The Legislative Commission on Human Rights will focus on implementing the recommendations international organizations have made to Costa Rica in this area. It is presided by Montserrat Ruiz, congresswomen of the traditional party, Partido Liberación Nacional (PLN).
Congresswoman Rosalia Brown, of the Partido Nueva República (PNR), was selected as secretary of this committee.
“Both the United Nations (UN) committees and the Inter-American Court of Human Rights (IACHR Court) have told us that the State must take the necessary legislative actions for the inclusion and evolution of all rights for all people. Initiatives along these lines must have our support and impetus”, pointed out Ruiz.
Montserrat Ruiz clarified her party will oppose proposals that imply a regression in acquired rights, since the objective should be to broaden rights and not to diminish them. The Congresswoman assured there is a trend aimed at the erosion of human rights.
The Congress representative also referred to the Sustainable Development Goals and their importance.
“The Sustainable Development Goals (SDGs) of the United Nations will be essential in the discussion of initiatives and issues that come before the commission. We consider these to be the backbone for the well-being of all people and for the development of policies with a sense of equity at all levels”, explained the PLN legislator.
The Sustainable Development Goals are the product of an international commitment and efforts from the United Nations. The organization has promoted the initiative, which has been signed by 193 countries. The goals include the fight against poverty, zero hunger, health and well-being, quality education and gender equality.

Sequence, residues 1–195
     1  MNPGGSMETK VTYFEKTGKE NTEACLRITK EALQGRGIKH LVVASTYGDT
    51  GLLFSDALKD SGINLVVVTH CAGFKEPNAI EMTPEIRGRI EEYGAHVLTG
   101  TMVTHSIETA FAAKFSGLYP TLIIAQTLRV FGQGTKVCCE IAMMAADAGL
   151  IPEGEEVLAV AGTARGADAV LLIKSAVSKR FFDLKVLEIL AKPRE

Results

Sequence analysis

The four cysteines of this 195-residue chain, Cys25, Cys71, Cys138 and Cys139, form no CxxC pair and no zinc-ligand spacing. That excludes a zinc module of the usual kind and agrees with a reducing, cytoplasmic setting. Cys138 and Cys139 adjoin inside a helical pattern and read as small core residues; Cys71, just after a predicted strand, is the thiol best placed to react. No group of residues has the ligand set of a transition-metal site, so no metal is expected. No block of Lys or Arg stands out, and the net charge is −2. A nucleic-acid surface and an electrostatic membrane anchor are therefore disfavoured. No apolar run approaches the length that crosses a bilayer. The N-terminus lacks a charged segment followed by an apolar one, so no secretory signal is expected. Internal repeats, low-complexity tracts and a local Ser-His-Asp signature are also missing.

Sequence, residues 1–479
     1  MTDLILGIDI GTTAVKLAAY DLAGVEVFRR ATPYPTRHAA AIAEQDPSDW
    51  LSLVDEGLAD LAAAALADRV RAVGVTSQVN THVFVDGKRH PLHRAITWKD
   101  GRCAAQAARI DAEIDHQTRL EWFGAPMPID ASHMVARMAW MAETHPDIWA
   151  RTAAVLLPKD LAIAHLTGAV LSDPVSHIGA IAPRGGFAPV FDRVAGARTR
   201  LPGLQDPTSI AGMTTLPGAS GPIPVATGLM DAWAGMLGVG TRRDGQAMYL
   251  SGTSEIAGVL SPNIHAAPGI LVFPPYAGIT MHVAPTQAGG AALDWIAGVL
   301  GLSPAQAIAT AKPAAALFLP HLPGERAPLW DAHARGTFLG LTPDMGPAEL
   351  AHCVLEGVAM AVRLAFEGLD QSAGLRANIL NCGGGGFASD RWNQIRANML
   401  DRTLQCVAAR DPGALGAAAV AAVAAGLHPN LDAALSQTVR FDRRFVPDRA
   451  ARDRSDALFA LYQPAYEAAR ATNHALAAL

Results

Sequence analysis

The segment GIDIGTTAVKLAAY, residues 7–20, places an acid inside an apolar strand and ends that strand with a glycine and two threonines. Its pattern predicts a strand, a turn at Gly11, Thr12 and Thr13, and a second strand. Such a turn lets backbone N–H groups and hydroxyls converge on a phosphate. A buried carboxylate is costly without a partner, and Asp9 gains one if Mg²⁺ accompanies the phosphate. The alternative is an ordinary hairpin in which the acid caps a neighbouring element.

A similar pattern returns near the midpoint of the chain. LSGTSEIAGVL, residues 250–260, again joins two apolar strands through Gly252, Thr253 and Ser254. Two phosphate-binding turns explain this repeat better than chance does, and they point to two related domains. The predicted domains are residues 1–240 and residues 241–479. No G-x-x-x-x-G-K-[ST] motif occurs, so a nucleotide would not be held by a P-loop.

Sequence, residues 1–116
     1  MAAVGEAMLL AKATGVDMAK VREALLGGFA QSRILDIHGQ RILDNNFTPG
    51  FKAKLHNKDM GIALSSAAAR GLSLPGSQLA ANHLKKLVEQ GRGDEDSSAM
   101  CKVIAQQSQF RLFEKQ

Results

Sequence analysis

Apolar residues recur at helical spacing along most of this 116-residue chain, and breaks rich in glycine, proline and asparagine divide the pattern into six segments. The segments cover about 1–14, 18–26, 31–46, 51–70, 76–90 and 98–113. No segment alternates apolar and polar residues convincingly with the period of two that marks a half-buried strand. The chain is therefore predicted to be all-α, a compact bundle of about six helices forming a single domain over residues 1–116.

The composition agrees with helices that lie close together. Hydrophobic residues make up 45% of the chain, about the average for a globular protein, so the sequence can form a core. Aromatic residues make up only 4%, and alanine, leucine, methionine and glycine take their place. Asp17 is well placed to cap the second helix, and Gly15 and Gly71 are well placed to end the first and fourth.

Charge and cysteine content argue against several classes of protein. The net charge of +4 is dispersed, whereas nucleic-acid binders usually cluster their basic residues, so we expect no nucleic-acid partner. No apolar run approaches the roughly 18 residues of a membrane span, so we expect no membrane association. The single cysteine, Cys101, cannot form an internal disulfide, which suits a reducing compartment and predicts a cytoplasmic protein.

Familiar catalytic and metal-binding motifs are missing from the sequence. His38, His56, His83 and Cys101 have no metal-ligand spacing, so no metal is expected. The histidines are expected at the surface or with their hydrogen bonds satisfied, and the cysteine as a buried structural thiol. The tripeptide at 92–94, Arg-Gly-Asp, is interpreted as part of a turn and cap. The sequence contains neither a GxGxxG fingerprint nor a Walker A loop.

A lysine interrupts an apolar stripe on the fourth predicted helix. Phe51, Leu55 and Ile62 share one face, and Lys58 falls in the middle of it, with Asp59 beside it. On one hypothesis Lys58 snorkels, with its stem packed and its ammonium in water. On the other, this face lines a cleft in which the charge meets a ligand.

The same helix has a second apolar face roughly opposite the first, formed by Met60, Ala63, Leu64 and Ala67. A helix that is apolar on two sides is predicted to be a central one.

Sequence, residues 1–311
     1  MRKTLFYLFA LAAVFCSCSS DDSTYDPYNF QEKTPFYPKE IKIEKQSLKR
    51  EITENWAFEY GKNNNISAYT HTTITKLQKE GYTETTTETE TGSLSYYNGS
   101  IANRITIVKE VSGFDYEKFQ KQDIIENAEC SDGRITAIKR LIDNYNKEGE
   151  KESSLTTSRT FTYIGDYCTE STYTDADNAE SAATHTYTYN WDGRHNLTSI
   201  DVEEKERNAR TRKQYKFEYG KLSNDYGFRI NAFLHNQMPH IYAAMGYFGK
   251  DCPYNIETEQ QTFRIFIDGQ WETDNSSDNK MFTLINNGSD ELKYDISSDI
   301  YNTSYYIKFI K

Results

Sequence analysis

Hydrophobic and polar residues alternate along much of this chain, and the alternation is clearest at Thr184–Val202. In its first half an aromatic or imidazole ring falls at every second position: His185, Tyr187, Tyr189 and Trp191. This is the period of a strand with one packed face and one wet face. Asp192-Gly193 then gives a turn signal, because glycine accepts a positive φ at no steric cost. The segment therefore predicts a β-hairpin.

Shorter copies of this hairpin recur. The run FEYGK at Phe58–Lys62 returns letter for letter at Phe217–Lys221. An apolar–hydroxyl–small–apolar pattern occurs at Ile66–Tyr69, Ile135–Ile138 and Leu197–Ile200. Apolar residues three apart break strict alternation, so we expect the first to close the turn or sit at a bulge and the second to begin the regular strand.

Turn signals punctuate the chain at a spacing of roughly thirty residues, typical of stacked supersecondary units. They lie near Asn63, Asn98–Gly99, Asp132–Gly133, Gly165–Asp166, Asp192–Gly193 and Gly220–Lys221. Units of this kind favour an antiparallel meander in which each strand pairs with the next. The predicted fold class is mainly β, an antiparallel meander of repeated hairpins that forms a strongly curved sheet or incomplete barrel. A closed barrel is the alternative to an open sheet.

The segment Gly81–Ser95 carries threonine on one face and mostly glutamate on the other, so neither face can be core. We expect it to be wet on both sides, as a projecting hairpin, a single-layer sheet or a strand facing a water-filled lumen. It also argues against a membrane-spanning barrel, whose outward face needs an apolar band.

“Poverty, inequality and lack of opportunities are situations that erode human rights and fragment the fabric of our society. For that reason, the approach of human dignity, understood as a whole and in a comprehensive manner for all people, must be the north in the work of this commission,” highlighted Montserrat Ruiz.
The commission chairwoman indicated human rights serve as an instrument to improve the quality of life of the most vulnerable groups, under the principles of equality and non-discrimination.
According to her, “Costa Rica is in debt to a large number of people who have been left behind.”
“The work of the institutions must seek a universal rights approach. This includes the indigenous population, people with disabilities, migrants and refugees, children, adolescents and youth, the elderly, the LGBTIQ+ population, and people living on the streets, among others,” she added.
The lawmaker concluded that human rights are also linked to situations such as climate change, the education emergency and healthcare.